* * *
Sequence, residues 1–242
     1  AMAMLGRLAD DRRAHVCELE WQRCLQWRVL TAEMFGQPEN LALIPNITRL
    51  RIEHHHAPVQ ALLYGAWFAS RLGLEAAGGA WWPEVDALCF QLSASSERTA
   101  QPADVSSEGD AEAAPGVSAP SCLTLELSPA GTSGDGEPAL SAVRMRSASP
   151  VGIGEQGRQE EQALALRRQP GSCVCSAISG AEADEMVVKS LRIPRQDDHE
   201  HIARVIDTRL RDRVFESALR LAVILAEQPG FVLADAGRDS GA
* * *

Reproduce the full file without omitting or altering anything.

Sequence, residues 1–242
     1  AMAMLGRLAD DRRAHVCELE WQRCLQWRVL TAEMFGQPEN LALIPNITRL
    51  RIEHHHAPVQ ALLYGAWFAS RLGLEAAGGA WWPEVDALCF QLSASSERTA
   101  QPADVSSEGD AEAAPGVSAP SCLTLELSPA GTSGDGEPAL SAVRMRSASP
   151  VGIGEQGRQE EQALALRRQP GSCVCSAISG AEADEMVVKS LRIPRQDDHE
   201  HIARVIDTRL RDRVFESALR LAVILAEQPG FVLADAGRDS GA